Seventy-seven years ago, in 1942, Pierre Lambrechts established – in a “decisive” way, in the words of Albert Grenier – the universal, essentially monotheistic, Trinitarian character of Celtic religion. We now show, resting on a luni-solar calendar, the genesis of Celtic Trinitarian Monotheism in the staging of the Three Steps of the Sun: the Lugoves, and in the Atlantic perception of the 90-day seasonal cycle: The Matres; and we provide additional insights on their continuity in the religion imposed on Rome: Christianism.
The Three Steps Of The Sun And The Matres
The Three Steps Of The Sun And The Matres. Celtic religion and its influence on the Christian Present. Andre Pena & Joám Evans. In The XVIth International Congress of Celtic Studies. Bangor 22-26 July 2019. Bangor University, Wales Cymru Sesiwn 57 Ystafell 9.
The Celts from insular and continental Atlantic Europe left as a legacy a common pantheon and a common theology. This was, in essence, a Trinitarian Monotheistic Religion that encompassed a feminine lunar trinity: The Matres, and a masculine solar trinity embodying the three steps of the Sun: Sky, Sea, and the Other World in the Orbe Tripartite.
The Matres, characterized as three virgins through the seasonal cycle, also embody the Celtic political system.
The young Virgin that chooses the king that is to rule the Treba or Toudo remained as Saint Brigid or the Blessed Virgin Mary commemorated in Candlemas [‘Virgem da Candelária’ or ‘da Luz’]; when she married him and gave birth She became Mater (the ‘Mother’ of the dying god Esus or Hesus); and, after the death of the king, She returns to assume his soul and to take it to her kingdom in the Beyond. On the first of November she is transformed into an old virgin, Cailleach: “The Old Woman with the Blue Veil (cf. Lat. Caeluleus)”, with prodigious powers, builder of the megaliths and the landscape [finally rejuvenating on the eve of February 1, She reinitiates the cycle with a new king that is to rule the land].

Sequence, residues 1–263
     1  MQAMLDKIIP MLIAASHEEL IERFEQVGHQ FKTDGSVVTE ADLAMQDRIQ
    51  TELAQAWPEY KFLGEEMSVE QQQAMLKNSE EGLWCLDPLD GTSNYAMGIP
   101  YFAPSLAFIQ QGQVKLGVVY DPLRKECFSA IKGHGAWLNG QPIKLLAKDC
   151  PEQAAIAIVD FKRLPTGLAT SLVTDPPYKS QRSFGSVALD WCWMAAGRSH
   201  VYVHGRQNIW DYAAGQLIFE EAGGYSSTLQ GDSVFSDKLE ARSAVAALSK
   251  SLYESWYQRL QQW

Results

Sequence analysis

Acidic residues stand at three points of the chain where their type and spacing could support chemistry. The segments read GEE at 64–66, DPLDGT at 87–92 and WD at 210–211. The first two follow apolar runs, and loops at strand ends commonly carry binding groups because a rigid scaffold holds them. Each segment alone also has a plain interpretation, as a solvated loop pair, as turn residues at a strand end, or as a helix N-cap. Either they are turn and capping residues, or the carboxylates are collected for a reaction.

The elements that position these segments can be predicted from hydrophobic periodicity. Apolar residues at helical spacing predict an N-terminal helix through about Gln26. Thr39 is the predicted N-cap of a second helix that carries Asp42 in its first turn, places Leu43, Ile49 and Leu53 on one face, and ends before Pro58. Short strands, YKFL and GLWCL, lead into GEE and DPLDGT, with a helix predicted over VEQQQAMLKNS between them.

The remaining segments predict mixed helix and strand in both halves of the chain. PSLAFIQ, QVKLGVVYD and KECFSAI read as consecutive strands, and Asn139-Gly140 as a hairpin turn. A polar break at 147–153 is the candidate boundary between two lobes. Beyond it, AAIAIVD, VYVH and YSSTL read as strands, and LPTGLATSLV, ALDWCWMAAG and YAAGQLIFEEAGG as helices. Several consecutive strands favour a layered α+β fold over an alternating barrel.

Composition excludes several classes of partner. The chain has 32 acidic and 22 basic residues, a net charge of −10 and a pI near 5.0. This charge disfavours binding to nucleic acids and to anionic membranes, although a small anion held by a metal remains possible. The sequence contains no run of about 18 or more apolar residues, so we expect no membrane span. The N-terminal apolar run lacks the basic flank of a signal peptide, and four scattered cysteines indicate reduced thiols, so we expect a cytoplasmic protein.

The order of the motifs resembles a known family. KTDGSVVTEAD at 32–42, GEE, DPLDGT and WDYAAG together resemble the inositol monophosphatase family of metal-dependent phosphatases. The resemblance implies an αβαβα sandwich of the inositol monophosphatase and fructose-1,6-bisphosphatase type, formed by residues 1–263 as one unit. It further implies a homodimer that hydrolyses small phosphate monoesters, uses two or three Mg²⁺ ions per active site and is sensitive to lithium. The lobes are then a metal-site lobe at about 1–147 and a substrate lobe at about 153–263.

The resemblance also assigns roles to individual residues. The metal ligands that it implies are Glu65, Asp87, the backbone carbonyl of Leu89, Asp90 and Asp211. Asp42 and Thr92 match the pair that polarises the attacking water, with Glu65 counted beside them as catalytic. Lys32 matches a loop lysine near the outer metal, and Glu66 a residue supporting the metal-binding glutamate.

The masculine trinity represents the three steps of the Sun in the Earth’s orbit. In the first step it takes possession of the sky, in the second it takes possession of the sea, and in the third, it takes possession of the Earth, the Underworld.
It is conceived as a child and a teenager in the first step (with the related epithets sometimes shared in roman interpretatio by the same deities); as a psychopomp, guide of souls, in the second step; and as dying God and a judge of the afterlife in the third, symbolized by the Orbe Tripartito and the triskelion.
This presentation explores the continuity of these basic elements of Celtic religion in the new Trinitarian monotheistic religion that followed [Christianity] with its imposition by the Emperors of a decaying Rome after the crisis of the 3rd century CE.